(I’ve seen some people recommend throttling the number of lessons you do based on how many items you currently have in Apprentice, and try to keep the number of Apprentice items under some threshold. That’s probably as good a strategy as any.)
I don’t know that I’ve ever seen more than a hundred lessons yet. I suppose it’s possible if you’re abusing the reorder script, but I think normally the level-up gates prevent that.
To the idea though, it is possible to sit there and do all hundred lessons in one sitting (depending on how much time you’ve got.) Now you might say, sure, but your retention would be terrible. It would, but even if you fail 80% of them at the 4-hour review, and even keep failing some of them over and over, you’re still ahead as long as you ultimately do learn them no slower than you would have doing 20 per day.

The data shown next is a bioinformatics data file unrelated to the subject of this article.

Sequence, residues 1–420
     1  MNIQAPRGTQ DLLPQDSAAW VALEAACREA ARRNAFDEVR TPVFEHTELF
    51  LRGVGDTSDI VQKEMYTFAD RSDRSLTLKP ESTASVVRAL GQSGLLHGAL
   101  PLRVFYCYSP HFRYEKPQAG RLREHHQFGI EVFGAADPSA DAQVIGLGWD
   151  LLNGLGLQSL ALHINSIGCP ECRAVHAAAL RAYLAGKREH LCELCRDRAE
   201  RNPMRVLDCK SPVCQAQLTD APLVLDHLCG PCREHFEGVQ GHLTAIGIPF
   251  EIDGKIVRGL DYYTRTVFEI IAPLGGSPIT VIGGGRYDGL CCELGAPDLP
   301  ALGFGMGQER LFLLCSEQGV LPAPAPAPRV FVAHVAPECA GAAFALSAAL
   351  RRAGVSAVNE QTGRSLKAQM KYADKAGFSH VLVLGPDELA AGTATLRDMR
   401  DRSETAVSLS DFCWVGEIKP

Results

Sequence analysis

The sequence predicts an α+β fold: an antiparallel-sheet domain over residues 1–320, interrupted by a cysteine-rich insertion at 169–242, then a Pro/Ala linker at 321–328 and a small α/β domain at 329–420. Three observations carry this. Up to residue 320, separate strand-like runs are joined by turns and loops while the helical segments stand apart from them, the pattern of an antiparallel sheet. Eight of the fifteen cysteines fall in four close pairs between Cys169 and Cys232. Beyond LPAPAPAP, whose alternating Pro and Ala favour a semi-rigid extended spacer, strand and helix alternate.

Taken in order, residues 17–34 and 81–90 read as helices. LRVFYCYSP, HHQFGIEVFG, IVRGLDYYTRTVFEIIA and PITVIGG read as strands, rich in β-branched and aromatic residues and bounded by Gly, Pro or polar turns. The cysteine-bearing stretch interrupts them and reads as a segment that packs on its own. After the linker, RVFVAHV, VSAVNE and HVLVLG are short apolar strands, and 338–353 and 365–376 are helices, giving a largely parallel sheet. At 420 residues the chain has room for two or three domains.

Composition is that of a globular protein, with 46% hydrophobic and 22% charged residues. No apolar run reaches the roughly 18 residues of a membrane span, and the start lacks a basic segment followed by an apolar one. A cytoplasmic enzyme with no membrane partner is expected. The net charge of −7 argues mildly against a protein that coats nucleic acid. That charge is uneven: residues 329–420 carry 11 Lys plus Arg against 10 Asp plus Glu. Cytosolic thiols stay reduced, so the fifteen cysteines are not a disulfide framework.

The main drawback of learning them in big batches is, your daily review load* is also going to come in big waves later. If you like a steady review stream, doing them evenly day-by-day makes more sense.
I do as many as I feel like doing. Sometimes that’s more, sometimes that’s less, sometimes it’s all of them. My only real rule is “no lessons if there are reviews waiting.” Reviews has to be zero before I do lessons.
*Not average review load, since your average lesson rate is still gated by your level-up speed. But the day-to-day deviation could be in the hundreds.